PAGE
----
Long road trip to the Atlas mountains...Beautiful scenery...Mother Nature did it again...Expectations?

As we began the ascent to the Atlas Mountains, we realized it was the first snow we'd seen in a very long time.
It's 5:00 pm Thursday.  A short time ago we checked in at the Hotel du Vieux du Dades, Ouarzazate, Morocco after an eight hour drive though the Atlas Mountains and valleys.
At the lower elevations, we passed many small villages.  The higher the elevation, the more modern the villages.
The hotel?  Clean, modest.  Not what we'd normally choose.  But, it's situated on a river gorge presenting a beautiful backdrop as we sit here here now on the veranda, the sound of the rushing water music to our ears.
The sales as a result of tourist trade are what sustains many of the villagers.
As world travelers, having left the US a mere 15 months ago, our expectations when we travel from the vacation home of the month, are outrageously high.  After all, we've seen exquisite Petra in Jordan, been on an extraordinary Big 5 safari in the Masai Mara, Kenya and lived in the free roaming wildlife area of Marloth Park, South Africa.  How does anything else compare?
Periodically, we cross a river or a creek.  Many of our photos today were taken through the car window glass as we zoomed by.   I didn't want to keep dealing with opening and closing the window during the eight hour drive. Cloudy most of the day, we did our best taking photos.
For us, nothing else can.  Nor, as we enthusiastically continue on, do we expect to top those experiences.  If we do, we'll call it "safari luck" and feel grateful.
It is from this perspective that we write over these next few days, putting our expectations aside viewing today's journey through the eyes of travelers perhaps don't have this outlandish frame of reference.
With snow melting at the summit, many creek beds and rivers consisted of fast moving water.
By no means, do we imply that the beauty we witnessed today is any less than the terrain we've seen in many of our travels.  In many ways, Morocco offers some astounding scenery that many may never see in a lifetime. And, for those who may have seen it, have it etched in their memories, relived in stories and photos they proudly share for years to come.


Of course, I squealed with delight when seeing these sheep along the side of the road.  Grass fed lamb is a frequently served dish in Morocco which we've enjoyed every few nights when Madame Zahra cooks for us.  Tom, never a fan of eating lamb, actually likes it here for its mild flavor, tasting more like beef pot roast than lamb.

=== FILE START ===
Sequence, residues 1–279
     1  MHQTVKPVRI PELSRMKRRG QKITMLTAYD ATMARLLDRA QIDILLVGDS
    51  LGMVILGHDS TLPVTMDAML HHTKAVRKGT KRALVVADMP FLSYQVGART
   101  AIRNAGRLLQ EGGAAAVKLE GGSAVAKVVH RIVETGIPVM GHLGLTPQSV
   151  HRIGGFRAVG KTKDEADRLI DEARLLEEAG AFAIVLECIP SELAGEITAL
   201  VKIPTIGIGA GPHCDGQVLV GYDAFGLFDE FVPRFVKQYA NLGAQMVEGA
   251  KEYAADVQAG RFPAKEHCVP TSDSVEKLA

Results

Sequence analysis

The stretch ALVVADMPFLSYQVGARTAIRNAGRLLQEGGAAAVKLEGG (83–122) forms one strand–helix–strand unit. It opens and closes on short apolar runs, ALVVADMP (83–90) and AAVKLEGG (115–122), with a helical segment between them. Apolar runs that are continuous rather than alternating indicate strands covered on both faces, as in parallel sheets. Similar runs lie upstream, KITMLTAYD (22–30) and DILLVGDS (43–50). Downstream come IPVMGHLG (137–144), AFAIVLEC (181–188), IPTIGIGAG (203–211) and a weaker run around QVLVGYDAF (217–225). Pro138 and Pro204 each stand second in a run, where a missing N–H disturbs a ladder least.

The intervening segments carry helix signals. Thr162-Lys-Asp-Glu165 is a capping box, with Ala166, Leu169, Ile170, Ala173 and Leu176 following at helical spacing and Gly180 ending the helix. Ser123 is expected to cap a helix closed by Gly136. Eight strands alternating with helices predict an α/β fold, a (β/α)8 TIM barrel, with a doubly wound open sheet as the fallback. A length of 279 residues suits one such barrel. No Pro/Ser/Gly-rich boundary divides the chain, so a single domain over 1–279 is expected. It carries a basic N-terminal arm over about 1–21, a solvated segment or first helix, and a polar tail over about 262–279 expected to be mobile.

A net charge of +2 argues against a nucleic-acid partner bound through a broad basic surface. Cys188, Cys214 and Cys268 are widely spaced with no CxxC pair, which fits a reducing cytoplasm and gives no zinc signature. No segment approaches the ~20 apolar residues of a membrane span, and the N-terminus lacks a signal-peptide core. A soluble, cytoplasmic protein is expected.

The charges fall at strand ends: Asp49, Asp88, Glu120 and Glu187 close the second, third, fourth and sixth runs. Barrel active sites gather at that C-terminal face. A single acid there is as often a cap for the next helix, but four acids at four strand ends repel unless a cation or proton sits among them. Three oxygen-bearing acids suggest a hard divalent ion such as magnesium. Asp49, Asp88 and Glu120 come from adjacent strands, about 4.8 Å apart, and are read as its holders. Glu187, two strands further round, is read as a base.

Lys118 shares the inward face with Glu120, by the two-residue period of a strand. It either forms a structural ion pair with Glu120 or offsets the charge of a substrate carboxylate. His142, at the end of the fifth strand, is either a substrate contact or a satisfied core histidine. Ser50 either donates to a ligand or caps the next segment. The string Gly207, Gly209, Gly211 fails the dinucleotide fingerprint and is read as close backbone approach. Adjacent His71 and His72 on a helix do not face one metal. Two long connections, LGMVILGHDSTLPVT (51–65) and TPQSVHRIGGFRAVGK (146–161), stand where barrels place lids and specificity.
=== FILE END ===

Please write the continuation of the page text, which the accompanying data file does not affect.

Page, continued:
As for the hotel; the room is small, minimally appointed with the barest of essentials.  If the bed, pillows and blankets prove to be comfortable, the water is hot for the morning shower, the WiFi continues to work as well as it is at the moment and the food is reasonably good, we'll hardly complain. 
The contrast of the clay colored hills against the lush greenery creating a picturesque setting.
Oh, expectations!  Would that they could waft away from our lives to make each new experience blissful instead of wrought with shades of the past?
In some areas, the color of the hills was a deep pink and they were orange in others.
Our goal had been to visit the Atlas Mountains, which we we've done.  Tomorrow, we'll head to the Sahara Desert to experience the sand dunes and, if we feel ambitious, we'll ride camels.  Saturday, we'll head back to Marrakech arriving in the late afternoon.  
Many small farms, richly green, dotted the landscape.
Over the next several days, we'll post our zillions of photos, doing our best to describe where and what we've seen.  Today, we reached a maximum elevation of 9708 feet, 2959 meters, above sea level, suffering no ill effects.  I gasped for air once...when we were up that elevation when we stopped at an overlook rest stop filled with tourists, most of whom were smoking. Smoking is allowed everywhere in Morocco, as is the case in many countries.
The hills and mountains had endless housing areas such as this, with most of the
homes occupied, as we determined from clothes hanging on lines to dry.
Another new experience befell us today.  We used a co-ed restroom in a public venue, a first for both of us. 
Stopping at a popular overlook, we spotted what appeared to be a soccer field at a local school.
As for the actual driving experience, it was flawless.  Mohamed is an excellent driver for which we made a point of commending him.  The two lane mountain roads were often tricky to navigate when passing slow moving vehicles and he exercised diligent safety in each instance putting me, particularly, at ease.  Our readers know how I love those hairpin turns, right?
Can you spot the waterfall in this photo of the Atlas Mountains? 
Tonight, Mohamed will also stay at this hotel meeting up with us in the morning after the included breakfast as we begin another day of travel making our way to the Sahara desert while hopefully putting aside those pesky expectations, to enjoy yet another day in our travels.

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Photo from one year ago today, April 10, 2013:
One year ago today was when we boarded the Carnival Liberty in Belize when our bag of vitamins was confiscated by security, none of which required a prescription, all of which may be purchased over the counter.  What an experience it was as we were treated like drug smugglers.  This never occurred again when we've since used or disposed of most of the supplements to lighten our load. See Part 1 for the details by clicking here.

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